Reader, let us hope the clergy of the south will take heed lest by permitting their brethren to be sold and stolen in this manner they bring the profession into contempt. Let us hope the southern church will not much longer continue to bring pure Christianity into disgrace by serving ends so vile that heaven and earth frowns upon them; for false is the voice raised in sanctimony to heaven for power to make a footstool of a fallen race!
Containing various matters.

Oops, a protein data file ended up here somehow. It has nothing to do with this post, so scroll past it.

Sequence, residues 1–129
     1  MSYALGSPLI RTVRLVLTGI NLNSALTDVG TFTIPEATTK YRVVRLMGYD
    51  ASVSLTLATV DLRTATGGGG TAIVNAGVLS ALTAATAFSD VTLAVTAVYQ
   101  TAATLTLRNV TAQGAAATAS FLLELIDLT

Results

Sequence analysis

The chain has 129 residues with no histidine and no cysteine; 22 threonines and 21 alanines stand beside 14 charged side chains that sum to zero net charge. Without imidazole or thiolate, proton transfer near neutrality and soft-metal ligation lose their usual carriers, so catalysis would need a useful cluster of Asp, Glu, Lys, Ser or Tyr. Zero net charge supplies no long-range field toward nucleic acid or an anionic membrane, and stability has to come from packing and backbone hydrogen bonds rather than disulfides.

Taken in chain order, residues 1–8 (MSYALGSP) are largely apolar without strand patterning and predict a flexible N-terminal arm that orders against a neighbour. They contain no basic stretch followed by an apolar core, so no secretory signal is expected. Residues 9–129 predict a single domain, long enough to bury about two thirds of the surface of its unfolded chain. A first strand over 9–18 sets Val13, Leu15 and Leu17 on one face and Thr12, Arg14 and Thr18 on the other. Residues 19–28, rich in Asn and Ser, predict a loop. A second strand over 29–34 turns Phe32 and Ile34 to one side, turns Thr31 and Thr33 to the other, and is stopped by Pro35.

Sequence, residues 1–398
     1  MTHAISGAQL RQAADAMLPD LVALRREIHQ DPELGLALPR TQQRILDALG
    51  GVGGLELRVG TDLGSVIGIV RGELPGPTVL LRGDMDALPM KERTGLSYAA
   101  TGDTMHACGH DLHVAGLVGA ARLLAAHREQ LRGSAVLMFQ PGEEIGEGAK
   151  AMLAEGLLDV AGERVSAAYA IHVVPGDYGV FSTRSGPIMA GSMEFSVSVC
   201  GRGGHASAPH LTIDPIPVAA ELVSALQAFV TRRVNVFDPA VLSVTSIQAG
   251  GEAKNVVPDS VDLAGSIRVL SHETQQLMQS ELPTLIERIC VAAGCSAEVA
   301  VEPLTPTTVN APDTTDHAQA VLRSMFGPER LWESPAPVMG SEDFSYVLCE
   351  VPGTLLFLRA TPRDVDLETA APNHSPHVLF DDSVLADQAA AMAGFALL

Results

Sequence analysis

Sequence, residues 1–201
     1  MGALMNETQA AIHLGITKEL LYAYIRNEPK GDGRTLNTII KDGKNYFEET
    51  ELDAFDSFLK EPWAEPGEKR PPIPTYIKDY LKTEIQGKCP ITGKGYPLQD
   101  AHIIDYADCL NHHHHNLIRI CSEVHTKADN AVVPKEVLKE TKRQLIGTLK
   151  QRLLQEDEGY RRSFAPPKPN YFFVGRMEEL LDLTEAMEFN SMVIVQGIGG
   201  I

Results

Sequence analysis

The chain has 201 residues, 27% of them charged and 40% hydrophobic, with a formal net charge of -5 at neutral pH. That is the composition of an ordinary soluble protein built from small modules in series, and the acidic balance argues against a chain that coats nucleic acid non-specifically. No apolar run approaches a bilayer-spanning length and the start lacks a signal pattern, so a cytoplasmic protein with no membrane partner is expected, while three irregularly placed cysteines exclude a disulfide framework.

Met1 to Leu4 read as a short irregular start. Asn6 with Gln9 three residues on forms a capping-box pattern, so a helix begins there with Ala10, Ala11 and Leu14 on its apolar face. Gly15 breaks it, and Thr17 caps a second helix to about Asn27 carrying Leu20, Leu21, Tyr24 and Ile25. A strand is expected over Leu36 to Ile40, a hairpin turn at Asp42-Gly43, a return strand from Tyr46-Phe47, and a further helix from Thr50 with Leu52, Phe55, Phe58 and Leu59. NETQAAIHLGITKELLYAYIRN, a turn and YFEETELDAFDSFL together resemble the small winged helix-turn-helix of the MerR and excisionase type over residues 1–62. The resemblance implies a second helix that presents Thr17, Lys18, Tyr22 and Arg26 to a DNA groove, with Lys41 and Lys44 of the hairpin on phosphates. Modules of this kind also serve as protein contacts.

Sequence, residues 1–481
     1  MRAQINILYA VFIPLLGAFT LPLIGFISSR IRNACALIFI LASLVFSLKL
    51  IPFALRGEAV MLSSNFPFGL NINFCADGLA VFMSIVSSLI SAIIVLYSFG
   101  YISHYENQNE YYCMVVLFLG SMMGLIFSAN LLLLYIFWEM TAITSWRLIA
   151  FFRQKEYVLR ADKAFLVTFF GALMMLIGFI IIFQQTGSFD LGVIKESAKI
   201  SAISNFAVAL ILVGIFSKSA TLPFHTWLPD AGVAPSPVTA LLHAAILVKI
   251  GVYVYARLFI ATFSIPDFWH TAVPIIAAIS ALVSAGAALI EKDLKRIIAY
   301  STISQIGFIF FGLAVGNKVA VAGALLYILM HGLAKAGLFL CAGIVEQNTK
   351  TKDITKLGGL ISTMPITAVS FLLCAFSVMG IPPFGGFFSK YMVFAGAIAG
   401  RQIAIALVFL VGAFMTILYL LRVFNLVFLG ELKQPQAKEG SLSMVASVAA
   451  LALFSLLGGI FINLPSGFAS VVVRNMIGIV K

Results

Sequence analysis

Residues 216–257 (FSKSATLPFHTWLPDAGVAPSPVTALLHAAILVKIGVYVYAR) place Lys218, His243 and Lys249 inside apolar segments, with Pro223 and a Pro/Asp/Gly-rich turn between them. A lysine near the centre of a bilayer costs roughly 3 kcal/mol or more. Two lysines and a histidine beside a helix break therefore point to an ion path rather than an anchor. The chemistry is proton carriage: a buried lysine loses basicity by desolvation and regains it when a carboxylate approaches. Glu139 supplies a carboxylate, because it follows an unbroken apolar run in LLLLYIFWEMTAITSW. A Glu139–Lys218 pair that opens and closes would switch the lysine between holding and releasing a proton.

Great regularity prevails on the Rosebrook plantation, and cheering are the prospects held out to those who toil thereon. Mrs. Rosebrook has dressed Jane (Harry’s wife) in a nice new calico, which, with her feet encased in shining calf-skin shoes, and her head done up in a bandana, with spots of great brightness, shows her lean figure to good advantage. Like a good wife, happy with her own dear husband, she pours forth the emotions of a grateful heart, and feels that the world-not so bad after all-has something good in store for her. And then Harry looks even better than he did on Master Marston’s plantation; and, with their little ones-sable types of their parents-dressed so neatly, they must be happy. And now that they are duly installed at the plantation, where Harry pursues his duties as father of the flock, and Jane lends her cheering voice and helping hand to make comfort in the various cabins complete-and with Dad Daniel’s assurance that the people won’t go astray-we must leave them for a time, and beg the reader’s indulgence while following us through another phase of the children’s history.